- Smart Growth America has chosen six communities to receive technical assistance to boost economic development and revitalization: Baltimore; Columbia, MO; Cusick, WA; High Point, NC; Lafayette, LA; and South Bend, IN.
- The assistance will center on identifying and supporting small-scale manufacturing opportunities, known as the "maker economy."
- Funding for the program comes from the U.S. Economic Development Administration (EDA), in partnership with consulting firm Recast City.
For decades, America had a reputation as a manufacturing powerhouse. The automobile industry was a notable leader, along with electronics, agricultural products and machinery. Many cities and towns across America formed, grew and thrived based on large manufacturers' presence. The steady decline in domestic manufacturing has caused many large companies to either go under altogether or to shut down operations in certain locations, many of which are small cities or towns.
A lot of post-industrial cities have struggled to regain their identities and create a new job base when large-scale manufacturers moved out, especially those that essentially were single-industry towns. But the assistance from Smart Growth America could change that for the six selected cities.
The goal is not to abandon the idea of manufacturing altogether, but to shift the type of manufacturing and residents' views of it. Rather than being so reliant upon giant companies to bring their operations to town and suffer the consequences if they leave, small-scale manufacturing offers options for diversification in lesser tapped markets. Workers can learn how to adapt their existing manufacturing skills to a plethora of new markets. For example, some small-scale manufacturing includes craft brewing, prosthetics making, yarn making, skin care product production and even a variety of artisanal foods like chocolates, bread, potato chips and flavored oils.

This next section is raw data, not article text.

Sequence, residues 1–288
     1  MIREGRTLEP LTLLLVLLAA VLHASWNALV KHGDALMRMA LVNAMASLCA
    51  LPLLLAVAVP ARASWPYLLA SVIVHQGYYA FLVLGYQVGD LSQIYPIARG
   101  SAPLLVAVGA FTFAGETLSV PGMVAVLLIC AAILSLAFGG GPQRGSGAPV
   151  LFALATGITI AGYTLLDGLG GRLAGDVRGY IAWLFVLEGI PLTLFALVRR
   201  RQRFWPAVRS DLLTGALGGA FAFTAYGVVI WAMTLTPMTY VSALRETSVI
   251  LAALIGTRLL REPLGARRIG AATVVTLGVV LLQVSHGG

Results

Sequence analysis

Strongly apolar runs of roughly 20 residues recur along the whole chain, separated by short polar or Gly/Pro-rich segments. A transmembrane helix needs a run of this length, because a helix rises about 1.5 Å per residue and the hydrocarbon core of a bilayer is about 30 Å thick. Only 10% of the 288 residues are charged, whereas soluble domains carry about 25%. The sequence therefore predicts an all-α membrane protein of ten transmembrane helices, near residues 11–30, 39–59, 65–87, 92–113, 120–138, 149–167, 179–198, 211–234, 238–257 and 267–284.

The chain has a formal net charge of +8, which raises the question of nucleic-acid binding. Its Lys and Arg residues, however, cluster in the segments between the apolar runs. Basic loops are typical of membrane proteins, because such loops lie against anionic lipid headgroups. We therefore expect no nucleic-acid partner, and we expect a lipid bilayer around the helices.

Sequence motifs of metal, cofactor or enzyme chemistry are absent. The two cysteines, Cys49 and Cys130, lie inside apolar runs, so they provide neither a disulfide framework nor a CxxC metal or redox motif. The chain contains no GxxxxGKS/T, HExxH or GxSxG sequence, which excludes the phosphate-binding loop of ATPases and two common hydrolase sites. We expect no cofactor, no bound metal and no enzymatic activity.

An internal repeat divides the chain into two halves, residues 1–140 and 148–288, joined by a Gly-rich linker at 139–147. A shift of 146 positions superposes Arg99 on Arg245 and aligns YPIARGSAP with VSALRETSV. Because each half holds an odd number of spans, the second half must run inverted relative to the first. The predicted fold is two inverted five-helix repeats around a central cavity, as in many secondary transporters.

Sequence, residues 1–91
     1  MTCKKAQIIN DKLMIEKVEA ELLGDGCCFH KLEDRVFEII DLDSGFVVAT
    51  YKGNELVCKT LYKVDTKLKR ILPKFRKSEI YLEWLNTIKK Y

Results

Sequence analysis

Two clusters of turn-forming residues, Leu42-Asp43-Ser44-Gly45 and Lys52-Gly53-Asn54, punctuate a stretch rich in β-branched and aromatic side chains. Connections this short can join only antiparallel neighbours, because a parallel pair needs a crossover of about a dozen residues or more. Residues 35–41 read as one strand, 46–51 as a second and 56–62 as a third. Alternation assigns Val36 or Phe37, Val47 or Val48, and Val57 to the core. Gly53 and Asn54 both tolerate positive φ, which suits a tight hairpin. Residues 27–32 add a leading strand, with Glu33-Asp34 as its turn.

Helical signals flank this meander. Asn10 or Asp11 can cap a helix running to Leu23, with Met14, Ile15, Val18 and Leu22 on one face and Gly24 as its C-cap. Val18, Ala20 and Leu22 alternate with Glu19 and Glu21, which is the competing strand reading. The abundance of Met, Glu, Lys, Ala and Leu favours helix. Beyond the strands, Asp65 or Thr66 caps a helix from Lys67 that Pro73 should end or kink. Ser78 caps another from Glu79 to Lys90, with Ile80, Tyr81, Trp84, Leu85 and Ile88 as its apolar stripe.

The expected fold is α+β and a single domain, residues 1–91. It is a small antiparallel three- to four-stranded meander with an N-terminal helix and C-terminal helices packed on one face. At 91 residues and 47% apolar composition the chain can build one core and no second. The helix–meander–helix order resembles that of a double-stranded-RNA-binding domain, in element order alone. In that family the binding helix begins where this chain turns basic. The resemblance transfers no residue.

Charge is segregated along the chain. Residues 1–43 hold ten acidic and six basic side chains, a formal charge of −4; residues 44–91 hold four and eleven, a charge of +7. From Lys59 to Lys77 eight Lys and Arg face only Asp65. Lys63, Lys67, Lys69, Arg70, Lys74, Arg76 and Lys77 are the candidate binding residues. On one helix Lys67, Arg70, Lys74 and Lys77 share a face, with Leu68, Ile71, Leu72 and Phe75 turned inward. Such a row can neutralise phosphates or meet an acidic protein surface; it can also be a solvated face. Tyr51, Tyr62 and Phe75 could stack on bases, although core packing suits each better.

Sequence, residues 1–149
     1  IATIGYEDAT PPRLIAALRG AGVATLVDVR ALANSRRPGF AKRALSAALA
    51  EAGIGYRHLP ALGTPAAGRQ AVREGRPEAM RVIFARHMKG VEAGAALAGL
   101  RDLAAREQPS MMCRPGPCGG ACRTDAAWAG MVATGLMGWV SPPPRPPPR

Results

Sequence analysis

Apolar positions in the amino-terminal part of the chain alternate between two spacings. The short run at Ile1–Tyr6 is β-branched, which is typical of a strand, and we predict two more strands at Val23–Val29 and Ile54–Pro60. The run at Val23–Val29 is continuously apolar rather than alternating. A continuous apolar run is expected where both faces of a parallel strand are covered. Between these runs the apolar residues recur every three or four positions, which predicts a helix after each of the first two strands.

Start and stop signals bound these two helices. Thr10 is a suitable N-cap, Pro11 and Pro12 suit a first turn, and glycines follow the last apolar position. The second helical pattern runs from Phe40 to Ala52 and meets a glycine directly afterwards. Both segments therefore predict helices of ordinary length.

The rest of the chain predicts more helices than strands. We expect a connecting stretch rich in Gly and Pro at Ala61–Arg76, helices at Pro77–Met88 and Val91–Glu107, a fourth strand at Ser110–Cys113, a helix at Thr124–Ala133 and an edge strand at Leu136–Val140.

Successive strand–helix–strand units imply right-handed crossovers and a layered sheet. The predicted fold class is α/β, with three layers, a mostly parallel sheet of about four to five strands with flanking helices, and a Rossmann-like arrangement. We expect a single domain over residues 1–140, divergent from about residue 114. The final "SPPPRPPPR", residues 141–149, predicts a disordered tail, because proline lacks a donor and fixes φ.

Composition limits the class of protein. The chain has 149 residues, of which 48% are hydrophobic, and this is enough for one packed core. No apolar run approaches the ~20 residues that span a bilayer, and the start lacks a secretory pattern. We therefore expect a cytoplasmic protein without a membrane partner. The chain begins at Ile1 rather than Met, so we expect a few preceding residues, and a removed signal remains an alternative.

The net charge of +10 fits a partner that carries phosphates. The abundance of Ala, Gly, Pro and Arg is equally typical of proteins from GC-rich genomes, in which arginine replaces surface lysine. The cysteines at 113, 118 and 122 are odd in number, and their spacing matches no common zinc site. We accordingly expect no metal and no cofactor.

Part of the small-scale manufacturing concept that Smart Growth America strives for is bringing these businesses to main streets and neighborhood hubs that are easily accessible — even walkable — for many in the community. In this way cities can add jobs while also revitalizing neighborhoods and driving future growth.
"At a time when local economic development has become heavily dependent upon place-making, small-scale manufacturing has emerged as a way to tie opportunity to place. For many communities, especially those with legacy buildings from an earlier manufacturing age, it can fill a key missing piece for local economic revitalization,” Christopher Zimmerman, Vice President for Economic Development at Smart Growth America, said in a statement.